New treatments for migraines and chronic headaches

Migraines and chronic headaches are wide-spread phenomena.

Twelve percent of the population, three quarters of them women, suffer at least occasionally from migraines and about 5 percent from chronic headaches. New effective methods of treatment were presented at the Congress of the European Neurological Society (ENS) in Rhodos. According to Greek researchers, migraine sufferers can eliminate symptoms altogether if they take higher doses of anti-migraine medicine for a longer period of time than is now customary. Another team of researchers has found that certain psychopharmaceuticals could serve as a new therapy option for persistent chronic headaches.

Twelve percent of the population, three quarters of them women, suffer at least bouts of migraines, that much-feared type of paroxysmal pulsating headache that generally occurs in just one half of the skull and is accompanied by unpleasant symptoms like nausea and vomiting, dizziness or sensitivity to light and sound.

New tools that could relieve these discomforts for millions of people were just presented at the annual Congress of the European Neurology Society (ENS), held this year on the Greek island of Rhodos from June 16 to 20 June.

The new findings are from a group of researchers led by the psychiatrist Dr. Nikolaos Kouroumalos from the Second Department of Neurology of the General Hospital in Chania on the Greek island of Crete: "In treating migraines, optimizing the effect of already available agents is at least as important a task as developing new substances."

Symptoms Eliminated with a Different Rhythm of Preventive Drug Therapy The experts have in fact achieved a breakthrough in the effectiveness of preventive therapies. The standard procedure today is to give migraine patients preventive drug therapy at a dose that just suffices to protect them from further attacks or at least to stabilize their recovery. To avoid habituation effects and side-effects, this therapy is successively reduced after a time and finally ended (gradual reduction of the dose to zero). Dr. Kouroumalos: "As a result, most patients suffer a recurrence or worsening of migraine attacks after a certain time and the preventive therapy has to be started over from the beginning again. Our idea was to resume the preventive treatment after a break of two months and administer the previous maximum dose. This dose was then reduced after four weeks and, after a total of six weeks, another break in treatment occurred, this time lasting three months, and so forth until we arrived at a six-month cycle that we constantly repeated for a minimum of three years. Thereafter it was eventually continued according to each patient's needs.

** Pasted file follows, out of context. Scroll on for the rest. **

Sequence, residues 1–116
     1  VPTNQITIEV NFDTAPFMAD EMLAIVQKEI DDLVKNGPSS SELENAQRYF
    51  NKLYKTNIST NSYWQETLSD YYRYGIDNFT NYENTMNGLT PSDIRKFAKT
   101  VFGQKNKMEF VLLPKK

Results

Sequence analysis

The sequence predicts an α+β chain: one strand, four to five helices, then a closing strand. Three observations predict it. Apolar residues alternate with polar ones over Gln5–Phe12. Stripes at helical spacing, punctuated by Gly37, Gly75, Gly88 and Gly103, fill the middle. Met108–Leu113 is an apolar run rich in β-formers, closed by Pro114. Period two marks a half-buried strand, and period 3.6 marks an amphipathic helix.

The approach was a definite success. By regularly "reviving" the preventive therapy, the researchers fully maintained the desired effect of bringing about an end to migraine attacks or at least to reduce their extent over the 24 to 36 month period of observation.

Psychopharmaceuticals Bring Relief from Chronic Headache Pain Four to five percent of the population suffers from chronic headaches. This condition is defined as headaches occurring on average on at least 15 days of the previous three months. They have the disadvantage of having widely diverging causes and of thus requiring widely diverging drugs for treatment.

Dr. Kouroumalos and his team administered neuroleptic drugs, i.e. drugs that are actually used for treating psychoses, to patients who had failed to respond to several attempts of conventional preventive therapy. The retrospective study involved the files of 20 patients who had tried traditional therapy with at least three different migraine agents which did not avail. Half of them were then treated with the conventional neuroleptic Perphenazine and the other half with the atypical neuroleptic Olanzapine.

Both substances brought dramatic relief from headache pain, with Olanzapine doing so to an even greater extent than Perphenazine. "However," Dr. Nikolaos Kouroumalos explained, "more patients broke off the treatment with Olanzapine." The atypical antipsychotic causes fewer motor disturbances than its conventional counterpart but is associated with greater weight gains than is the case with conventional neuroleptics. This side-effect is less significant medically but for many patients, it was too high a price to pay for the peace and quiet in their heads.


The opinions expressed here are the views of the writer and do not necessarily reflect the views and opinions of News Medical.
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